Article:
5. Those taiwanese issues are very ubiquitous. i’ve seen at least 40 titles in various shops, always with that same label design, always on colored vinyl. they seem to be particularly prominent in philadelphia. valdo williams on savoy, mingus on impulse, etc. ever check the runout, but i will next time.

  6. Most likely our Taiwanese friends had access to Van Gelder vinyl, not metal. The theory on these records is that they used commercial pressings as mothers to make their own stampers. I have a handful of these pirates and many match up with official pressing matrix numbers. I’ve never seen any Blue Notes, but I do have some 70s Hubbard and Grover Washington Jr.

    • Bingo! I think you have it there, Rob. Counterfeiting, using original vinyl in a reverse engineering process to manufacture more copies, all the stamps and etchings would be replicated, but the quality of the recording not. There is the story.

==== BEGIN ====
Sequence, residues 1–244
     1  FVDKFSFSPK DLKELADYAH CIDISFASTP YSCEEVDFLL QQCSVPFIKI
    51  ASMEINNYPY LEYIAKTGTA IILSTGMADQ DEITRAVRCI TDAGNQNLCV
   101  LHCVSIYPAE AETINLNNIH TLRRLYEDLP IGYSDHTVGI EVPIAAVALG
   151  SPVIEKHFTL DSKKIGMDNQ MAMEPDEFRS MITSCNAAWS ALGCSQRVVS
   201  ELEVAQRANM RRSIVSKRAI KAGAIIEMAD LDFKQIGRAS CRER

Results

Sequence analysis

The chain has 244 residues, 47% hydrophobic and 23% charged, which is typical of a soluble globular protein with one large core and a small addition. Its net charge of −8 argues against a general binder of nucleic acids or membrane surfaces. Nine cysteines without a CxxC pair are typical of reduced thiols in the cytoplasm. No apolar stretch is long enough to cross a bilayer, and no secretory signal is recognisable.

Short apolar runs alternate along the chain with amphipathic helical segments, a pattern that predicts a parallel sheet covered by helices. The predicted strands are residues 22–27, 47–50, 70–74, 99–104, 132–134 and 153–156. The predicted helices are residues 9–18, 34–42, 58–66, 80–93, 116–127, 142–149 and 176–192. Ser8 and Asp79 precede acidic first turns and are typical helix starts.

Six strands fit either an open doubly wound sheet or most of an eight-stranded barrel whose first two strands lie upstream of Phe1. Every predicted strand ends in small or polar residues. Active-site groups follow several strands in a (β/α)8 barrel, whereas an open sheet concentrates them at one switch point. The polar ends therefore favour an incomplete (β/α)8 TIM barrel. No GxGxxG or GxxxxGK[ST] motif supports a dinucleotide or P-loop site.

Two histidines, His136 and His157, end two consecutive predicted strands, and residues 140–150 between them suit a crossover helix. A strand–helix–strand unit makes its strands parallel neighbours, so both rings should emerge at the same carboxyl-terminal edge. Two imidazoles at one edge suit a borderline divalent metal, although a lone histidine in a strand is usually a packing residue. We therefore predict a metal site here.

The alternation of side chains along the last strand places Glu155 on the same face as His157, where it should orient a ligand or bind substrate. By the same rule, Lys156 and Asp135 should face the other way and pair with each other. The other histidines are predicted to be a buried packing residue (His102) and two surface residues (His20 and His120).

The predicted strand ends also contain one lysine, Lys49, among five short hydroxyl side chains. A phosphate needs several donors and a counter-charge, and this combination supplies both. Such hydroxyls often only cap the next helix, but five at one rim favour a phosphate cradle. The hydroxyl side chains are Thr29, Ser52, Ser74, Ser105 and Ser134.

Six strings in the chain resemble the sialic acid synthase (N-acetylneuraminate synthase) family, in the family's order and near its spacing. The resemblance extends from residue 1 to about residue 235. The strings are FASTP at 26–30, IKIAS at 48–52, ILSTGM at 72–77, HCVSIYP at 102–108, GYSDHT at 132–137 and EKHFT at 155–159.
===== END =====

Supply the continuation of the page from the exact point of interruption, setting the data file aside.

• Saw that the Taiwanese pressing where banned from dicogs. Guess that this prove that they did not have access to Van Galders stampers.

        • Confirmation, indeed. I saw one Discogs entry described as an “unofficial release”. It is useful to know these are counterfeits, as runout etchings are normally proof of provenance, but not in the case of the Wild East.